# Extract rotation and translation from Fundamental matrix

Hello,

I try to extract rotation and translation from my simulated data. I use simulated large fisheye data.

So I calculate my fundamental matrix : fundamentalMatrix [[ 6.14113278e-13 -3.94878503e-05 4.77387412e-03] [ 3.94878489e-05 -4.42888577e-13 -9.78340822e-03] [-7.11839447e-03 6.31652818e-03 1.00000000e+00]]

But when I extract with recoverPose the rotation and translation I get wrong data:

R = [[ 0.60390422, 0.28204674, -0.74548597], [ 0.66319708, 0.34099148, 0.66625405], [ 0.44211914, -0.89675774, 0.01887361]]),

T = ([[0.66371609], [0.74797309], [0.00414923]])

Even when I plot the epipolar lines with the fundamental matrix the lines don't fit the corresponding point in the next image.

I don't really understand what I do wrong.

fundamentalMatrix, status = cv2.findFundamentalMat(uv_cam1, uv_cam2,cv2.FM_RANSAC, 3, 0.8) cameraMatrix = np.eye(3); i= cv2.recoverPose(fundamentalMatrix, uv_cam1, uv_cam2, cameraMatrix)

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Looks like your points are planar?

If so, it is a degenerate configuration to be able to estimate correctly the essential matrix. Have a look at this course:

Or at these two classical books:

I have reported here the relevant slides from the mentioned course:

Since you are using a fisheye lens, I would undistort the images before computing the fundamental matrix.

Here some experiments with the fundamental / essential matrix and pose recovering:

• generate 8 3D points in a generic configuration
• generate an initial camera pose and a second camera pose
• project the 3D points using the two poses
• compute the fundamental and essential matrix
• try to recover the pose
• compare the pose recovered with the true camera displacement

Code:

#include <iostream>
#include <opencv2/opencv.hpp>

void cameraDisplacement(const cv::Mat& rvec1, const cv::Mat& tvec1, const cv::Mat& rvec2, const cv::Mat& tvec2,
cv::Mat& rvec1to2, cv::Mat& tvec1to2) {
cv::Mat R1, R2, R1to2;
cv::Rodrigues(rvec1, R1);
cv::Rodrigues(rvec2, R2);
R1to2 = R2 * R1.t();
cv::Rodrigues(R1to2, rvec1to2);

tvec1to2 = -R1to2*tvec1 + tvec2;
}

void compute_R_t_fromEssentialMatrix(const cv::Mat& E, std::vector<cv::Mat>& rvecs, std::vector<cv::Mat>& ts, std::vector<cv::Mat>& ts2) {
//https://github.com/libmv/libmv/blob/8040c0f6fa8e03547fd4fbfdfaf6d8ffd5d1988b/src/libmv/multiview/fundamental.cc#L302-L338
cv::Mat w, u, vt;
cv::SVDecomp(E, w, u, vt, cv::SVD::FULL_UV);

// Last column of U is undetermined since d = (a a 0).
if (cv::determinant(u) < 0) {
u.col(2) *= -1;
}

// Last row of Vt is undetermined since d = (a a 0).
if (cv::determinant(vt) < 0) {
vt.row(2) *= -1;
}
//std::cout << "vt:\n" << vt << std::endl;

cv::Mat W = (cv::Mat_<double>(3, 3) << 0, -1, 0,
1, 0, 0,
0, 0, 1);

cv::Mat U_W_Vt = u * W * vt;
cv::Mat U_Wt_Vt = u * W.t() * vt;

rvecs.resize(4);
cv::Mat R = U_W_Vt, rvec;
cv::Rodrigues(R, rvec);
rvecs[0] = rvec;
rvecs[1] = rvec;

cv::Mat R2 = U_Wt_Vt, rvec2;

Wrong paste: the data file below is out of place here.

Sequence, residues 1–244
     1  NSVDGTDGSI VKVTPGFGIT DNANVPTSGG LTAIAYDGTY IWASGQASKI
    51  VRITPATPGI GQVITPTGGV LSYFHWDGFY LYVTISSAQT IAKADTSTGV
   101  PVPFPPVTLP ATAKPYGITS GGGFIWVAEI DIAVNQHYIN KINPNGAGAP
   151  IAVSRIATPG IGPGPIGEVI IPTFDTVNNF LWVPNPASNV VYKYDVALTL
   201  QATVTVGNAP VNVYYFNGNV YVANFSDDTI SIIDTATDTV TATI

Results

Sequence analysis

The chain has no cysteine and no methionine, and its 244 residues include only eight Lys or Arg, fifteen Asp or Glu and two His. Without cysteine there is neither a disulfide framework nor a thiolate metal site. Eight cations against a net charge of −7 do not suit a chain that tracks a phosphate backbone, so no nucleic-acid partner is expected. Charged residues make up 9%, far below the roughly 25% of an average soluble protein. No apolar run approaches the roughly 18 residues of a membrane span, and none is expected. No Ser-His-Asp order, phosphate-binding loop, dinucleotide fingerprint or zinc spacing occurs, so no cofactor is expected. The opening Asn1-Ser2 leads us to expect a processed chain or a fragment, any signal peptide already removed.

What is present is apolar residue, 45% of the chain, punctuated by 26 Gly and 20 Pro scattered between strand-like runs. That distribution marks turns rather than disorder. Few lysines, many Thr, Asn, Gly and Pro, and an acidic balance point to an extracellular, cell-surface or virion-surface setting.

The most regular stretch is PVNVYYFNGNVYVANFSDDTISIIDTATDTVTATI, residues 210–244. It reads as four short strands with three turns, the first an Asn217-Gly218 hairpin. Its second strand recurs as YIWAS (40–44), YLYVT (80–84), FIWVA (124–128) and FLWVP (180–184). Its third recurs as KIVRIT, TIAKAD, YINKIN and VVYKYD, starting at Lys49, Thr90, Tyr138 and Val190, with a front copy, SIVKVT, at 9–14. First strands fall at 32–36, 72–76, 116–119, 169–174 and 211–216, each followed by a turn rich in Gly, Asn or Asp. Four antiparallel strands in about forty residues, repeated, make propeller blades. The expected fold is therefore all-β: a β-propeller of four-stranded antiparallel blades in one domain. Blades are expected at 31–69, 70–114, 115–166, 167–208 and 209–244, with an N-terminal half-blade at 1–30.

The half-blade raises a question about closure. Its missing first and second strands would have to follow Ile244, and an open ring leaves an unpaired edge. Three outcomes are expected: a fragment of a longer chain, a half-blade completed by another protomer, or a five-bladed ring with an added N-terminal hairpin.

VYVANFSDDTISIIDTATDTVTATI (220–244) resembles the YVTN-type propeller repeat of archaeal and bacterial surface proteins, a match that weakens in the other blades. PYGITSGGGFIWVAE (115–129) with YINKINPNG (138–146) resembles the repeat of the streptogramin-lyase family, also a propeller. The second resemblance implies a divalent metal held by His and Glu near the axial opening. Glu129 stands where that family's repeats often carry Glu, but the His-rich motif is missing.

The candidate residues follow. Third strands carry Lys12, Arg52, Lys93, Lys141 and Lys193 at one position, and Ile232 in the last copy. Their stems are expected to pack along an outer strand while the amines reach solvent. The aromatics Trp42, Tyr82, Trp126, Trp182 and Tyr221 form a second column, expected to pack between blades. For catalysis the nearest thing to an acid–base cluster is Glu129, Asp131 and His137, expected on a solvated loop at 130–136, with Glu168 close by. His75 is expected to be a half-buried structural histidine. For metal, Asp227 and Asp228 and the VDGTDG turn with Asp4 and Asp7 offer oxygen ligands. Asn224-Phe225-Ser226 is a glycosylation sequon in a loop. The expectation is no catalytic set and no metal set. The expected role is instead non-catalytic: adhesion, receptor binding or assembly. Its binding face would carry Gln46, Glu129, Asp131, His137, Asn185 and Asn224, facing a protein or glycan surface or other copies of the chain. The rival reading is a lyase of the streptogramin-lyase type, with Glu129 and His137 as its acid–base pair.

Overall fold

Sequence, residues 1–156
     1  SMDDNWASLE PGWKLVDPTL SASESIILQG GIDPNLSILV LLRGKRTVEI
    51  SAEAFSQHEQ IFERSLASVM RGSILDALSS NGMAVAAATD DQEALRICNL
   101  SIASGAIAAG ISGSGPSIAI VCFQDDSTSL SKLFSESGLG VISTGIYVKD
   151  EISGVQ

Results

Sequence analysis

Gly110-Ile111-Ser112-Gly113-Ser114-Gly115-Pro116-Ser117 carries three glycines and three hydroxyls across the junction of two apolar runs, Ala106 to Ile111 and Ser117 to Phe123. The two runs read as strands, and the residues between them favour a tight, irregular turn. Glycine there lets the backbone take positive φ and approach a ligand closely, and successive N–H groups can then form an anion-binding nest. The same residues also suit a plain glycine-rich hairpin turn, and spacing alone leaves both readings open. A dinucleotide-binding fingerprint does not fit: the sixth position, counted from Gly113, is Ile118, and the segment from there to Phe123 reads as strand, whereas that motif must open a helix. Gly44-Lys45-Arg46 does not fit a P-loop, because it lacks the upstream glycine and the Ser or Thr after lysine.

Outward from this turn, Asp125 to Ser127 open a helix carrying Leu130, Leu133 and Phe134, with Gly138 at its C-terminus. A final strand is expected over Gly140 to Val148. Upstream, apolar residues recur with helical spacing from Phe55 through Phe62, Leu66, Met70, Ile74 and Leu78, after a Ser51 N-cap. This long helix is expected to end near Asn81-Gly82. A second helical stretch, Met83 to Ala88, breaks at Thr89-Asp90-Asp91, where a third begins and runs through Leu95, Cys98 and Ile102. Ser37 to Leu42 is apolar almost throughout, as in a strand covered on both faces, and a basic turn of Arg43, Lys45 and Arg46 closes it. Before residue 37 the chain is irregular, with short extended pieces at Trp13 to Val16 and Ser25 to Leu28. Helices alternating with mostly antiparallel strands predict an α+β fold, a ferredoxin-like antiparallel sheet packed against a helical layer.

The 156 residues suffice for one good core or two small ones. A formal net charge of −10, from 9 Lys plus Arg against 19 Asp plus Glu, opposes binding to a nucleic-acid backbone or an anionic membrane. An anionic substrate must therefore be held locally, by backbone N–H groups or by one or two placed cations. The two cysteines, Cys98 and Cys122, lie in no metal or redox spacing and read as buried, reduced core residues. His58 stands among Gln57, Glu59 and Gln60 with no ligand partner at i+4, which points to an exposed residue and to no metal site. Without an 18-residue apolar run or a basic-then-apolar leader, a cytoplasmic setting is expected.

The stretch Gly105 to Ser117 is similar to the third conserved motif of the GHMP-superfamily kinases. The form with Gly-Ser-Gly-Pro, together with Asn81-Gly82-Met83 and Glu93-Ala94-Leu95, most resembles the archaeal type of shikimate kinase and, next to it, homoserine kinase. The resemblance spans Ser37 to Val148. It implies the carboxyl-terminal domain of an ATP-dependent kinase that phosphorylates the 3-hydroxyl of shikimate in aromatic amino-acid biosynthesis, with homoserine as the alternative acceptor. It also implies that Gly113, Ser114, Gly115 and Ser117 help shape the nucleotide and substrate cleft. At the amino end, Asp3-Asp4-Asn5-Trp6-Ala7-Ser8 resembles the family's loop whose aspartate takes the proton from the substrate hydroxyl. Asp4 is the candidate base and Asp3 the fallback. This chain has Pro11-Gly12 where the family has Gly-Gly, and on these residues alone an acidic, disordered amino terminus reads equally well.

cv::Rodrigues(R2, rvec2);
rvecs[2] = rvec2;
rvecs[3] = rvec2;

ts.resize(4);
ts[0] = u.col(2);
ts[1] = -u.col(2);
ts[2] = u.col(2);
ts[3] = -u.col(2);

//https://en.wikipedia.org/wiki/Essential_matrix#Determining_R_and_t_from_E
ts2.resize(4);
cv::Mat Z = (cv::Mat_<double>(3, 3) << 0, 1, 0,
-1, 0, 0,
0, 0, 0);
cv::Mat tskew = u*Z*u.t();
ts2[0] = (cv::Mat_<double>(3, 1) << tskew.at<double>(2, 1),
tskew.at<double>(0, 2),
tskew.at<double>(1, 0));
ts2[1] = -ts[0];
ts2[2] = ts[0];
ts2[3] = -ts[0];
}

void transform(const cv::Point3d& pt, const cv::Mat& rvec, const cv::Mat& tvec, cv::Point3d& ptTrans) {
cv::Mat R;
cv::Rodrigues(rvec, R);

cv::Mat matPt = (cv::Mat_<double>(3, 1) << ...
more

Thank you really push for the explanation. Do you think we could do the same with Mei calibrated lens model? The fundamental matrix calculation is the same but the essential matrix is less easy to find.

( 2019-01-13 10:08:47 -0500 )edit

Sorry, I don't have any experience with wide-angle lens.

Maybe you can try to look at a library dedicated to structure from motion or visual odometry to see how they handle fisheye lens?

( 2019-01-14 02:54:52 -0500 )edit

I will see for the omnidirectional and fisheye problems. I modify my program with 3D data (not planar data) and the estimation is not bad except for the Z axe. My transform is R = [0, 0, 0] and T = [ 1, -1 , -2] and my estimation is R = [[ 1.00000000e+00, 3.85740245e-08, 1.05487079e-06], [-3.85749802e-08, 1.00000000e+00, 9.06028045e-07], [-1.05487076e-06, -9.06028085e-07, 1.00000000e+00]]),

T =([[-0.65188513], [ 0.75831535], [ 0.00190054]]

I think the data is estimate upd to a scale value so this is the reason why the x and y value is not equal to 1 and -1 but the Z value of the translation is incorrect. Do you know why?

( 2019-01-14 07:31:45 -0500 )edit

Yes translation can only be estimated up to a scale factor.

I don't have this issue when I used no rotation. Maybe check that the fundamental matrix is correctly estimated by computing the error x2'Fx1?

( 2019-01-15 03:02:17 -0500 )edit

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